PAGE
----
Patellofemoral Pain Syndrome (PFPS)

Patellofemoral Pain Syndrome (PFPS)

What is Patellofemoral Pain Syndrome (PFPS)?

The patellofemoral joint is one of the knee joints. It is where the thigh bone (femur) and the knee-cap (patella) meet. Patellofemoral Pain Syndrome (PFPS) is an umbrella term used for pain arising from the patellofemotal joint itself, or adjacent soft tissues.

How did it happen?

PFPS can be due to a patella trauma, but it is more often a combination of several factors: overuse and overload of the joint, anatomical or biomechanical abnormalities, muscular weakness, imbalance or dysfunction. It’s more likely that PFPS is worsened and resistive to treatment because of several of these factors.

One of the main causes of PFPS is the patella orientation and alignment. When the patella has a different orientation, it may glide more to one side of the femur and thus can cause overuse/overload (overpressure) on that part of the femur which can result in pain, discomfort or irritation.

A little deviation of the patella can possibly result in PSFS. For example, when there is a imbalance between the inner and outer thigh muscle, it could cause an outward glide or tilt, or external rotation of the patella which can cause an overuse of the outer side of the femur and result in pain or discomfort.

Sometimes the pain and discomfort is localized in the knee, but the source of the problem is somewhere else. For instance, flat foot can causes a compensatory internal rotation of the leg or thigh bone that upsets the patellofemoral mechanism. The hip kinematics can also influence the knee and provoke PFPS. A study has shown that patients with PFPS displayed weaker hip abductor muscles that were associated with an increase in hip adduction during running.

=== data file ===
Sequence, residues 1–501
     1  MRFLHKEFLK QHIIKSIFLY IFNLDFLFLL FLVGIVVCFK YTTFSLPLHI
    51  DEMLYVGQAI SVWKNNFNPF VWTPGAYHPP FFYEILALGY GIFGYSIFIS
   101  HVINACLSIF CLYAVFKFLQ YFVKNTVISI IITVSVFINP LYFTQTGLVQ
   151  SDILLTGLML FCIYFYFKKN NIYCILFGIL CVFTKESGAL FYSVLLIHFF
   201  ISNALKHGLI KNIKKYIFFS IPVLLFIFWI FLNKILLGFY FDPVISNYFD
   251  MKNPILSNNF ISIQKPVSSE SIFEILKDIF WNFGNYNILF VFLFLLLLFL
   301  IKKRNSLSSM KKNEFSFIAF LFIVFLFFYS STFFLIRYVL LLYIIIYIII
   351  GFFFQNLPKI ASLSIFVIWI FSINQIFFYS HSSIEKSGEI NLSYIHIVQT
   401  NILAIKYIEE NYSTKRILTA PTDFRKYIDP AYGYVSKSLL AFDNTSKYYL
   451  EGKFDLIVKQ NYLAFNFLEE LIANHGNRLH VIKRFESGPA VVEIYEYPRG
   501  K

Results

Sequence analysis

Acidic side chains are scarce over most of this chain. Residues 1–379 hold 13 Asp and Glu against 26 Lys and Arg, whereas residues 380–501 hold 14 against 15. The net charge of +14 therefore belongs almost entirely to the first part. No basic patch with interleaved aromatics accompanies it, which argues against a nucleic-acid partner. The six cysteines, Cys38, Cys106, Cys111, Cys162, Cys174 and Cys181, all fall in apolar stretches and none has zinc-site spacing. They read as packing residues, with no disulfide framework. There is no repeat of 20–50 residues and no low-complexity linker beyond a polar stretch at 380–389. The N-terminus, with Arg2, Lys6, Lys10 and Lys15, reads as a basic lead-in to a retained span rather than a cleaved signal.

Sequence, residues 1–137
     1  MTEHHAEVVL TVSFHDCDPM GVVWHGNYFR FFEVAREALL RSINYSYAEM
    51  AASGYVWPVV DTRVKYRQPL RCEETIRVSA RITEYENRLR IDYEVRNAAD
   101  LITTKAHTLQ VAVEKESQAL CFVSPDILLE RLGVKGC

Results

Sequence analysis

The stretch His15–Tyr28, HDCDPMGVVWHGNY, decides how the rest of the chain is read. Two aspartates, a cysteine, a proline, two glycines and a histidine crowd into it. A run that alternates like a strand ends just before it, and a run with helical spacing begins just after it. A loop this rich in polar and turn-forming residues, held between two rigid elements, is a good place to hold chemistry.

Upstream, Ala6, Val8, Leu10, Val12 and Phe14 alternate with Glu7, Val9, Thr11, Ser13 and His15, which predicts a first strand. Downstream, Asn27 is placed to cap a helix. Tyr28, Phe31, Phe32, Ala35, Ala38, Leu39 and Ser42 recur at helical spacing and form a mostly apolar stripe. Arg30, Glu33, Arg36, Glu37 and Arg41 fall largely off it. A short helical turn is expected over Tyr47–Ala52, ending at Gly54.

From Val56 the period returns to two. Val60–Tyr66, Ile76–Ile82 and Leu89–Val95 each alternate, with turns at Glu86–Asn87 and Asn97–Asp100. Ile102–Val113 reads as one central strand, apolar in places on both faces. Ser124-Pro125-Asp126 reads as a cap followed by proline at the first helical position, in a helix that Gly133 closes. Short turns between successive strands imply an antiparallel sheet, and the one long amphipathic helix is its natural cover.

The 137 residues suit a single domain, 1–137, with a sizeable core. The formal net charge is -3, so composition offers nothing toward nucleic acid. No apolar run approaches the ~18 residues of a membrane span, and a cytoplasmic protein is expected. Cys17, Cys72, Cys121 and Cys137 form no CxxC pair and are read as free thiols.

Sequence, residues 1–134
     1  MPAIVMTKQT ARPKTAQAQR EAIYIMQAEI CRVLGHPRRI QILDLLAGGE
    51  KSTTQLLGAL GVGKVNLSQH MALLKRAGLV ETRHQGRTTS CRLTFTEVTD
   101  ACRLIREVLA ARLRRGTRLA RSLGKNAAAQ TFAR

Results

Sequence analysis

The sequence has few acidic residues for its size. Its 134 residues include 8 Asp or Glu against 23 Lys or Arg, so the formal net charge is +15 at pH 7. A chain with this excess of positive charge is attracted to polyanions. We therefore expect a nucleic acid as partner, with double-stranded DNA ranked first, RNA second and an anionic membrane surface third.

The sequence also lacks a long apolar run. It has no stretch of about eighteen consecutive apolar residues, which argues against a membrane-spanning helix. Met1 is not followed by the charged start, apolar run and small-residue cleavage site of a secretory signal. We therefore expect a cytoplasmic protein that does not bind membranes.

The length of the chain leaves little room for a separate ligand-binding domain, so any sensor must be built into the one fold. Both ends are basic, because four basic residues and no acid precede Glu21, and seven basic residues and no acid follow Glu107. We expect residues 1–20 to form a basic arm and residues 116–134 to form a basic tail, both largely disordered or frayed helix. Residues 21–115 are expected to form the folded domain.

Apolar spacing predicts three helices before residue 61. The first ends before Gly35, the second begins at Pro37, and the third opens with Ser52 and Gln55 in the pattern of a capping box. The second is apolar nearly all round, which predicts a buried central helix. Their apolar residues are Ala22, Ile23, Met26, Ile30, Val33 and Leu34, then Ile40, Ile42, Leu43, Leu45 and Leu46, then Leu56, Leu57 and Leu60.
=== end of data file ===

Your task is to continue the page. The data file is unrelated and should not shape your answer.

Physiotherapy treatment for PFPS

Common treatment from physiotherapy includes:

  • Manual therapy: including joint glides and muscle release to reduce the deviation of the patella
  • Quadriceps strengthening: to make sure the inner and outer part of the muscle are working with a good balance
  • Patella taping: to help correcting the gliding path of the patella
  • Orthotics: correcting the foot posture to reduce possible contribution to the condition
  • Hip muscle strengthening: to reduce the influence of poor hip kinematics
  • Modalities: e.g. Tens, heat pack, ultrasound etc to reduce pain and promote tissue healing

A referral to orthopaedic consultant may be considered if patient has a history of patella dislocation, direct trauma to patella and suspicion of patella fracture, or has a repeated subluxing patella and not responding to physiotherapy.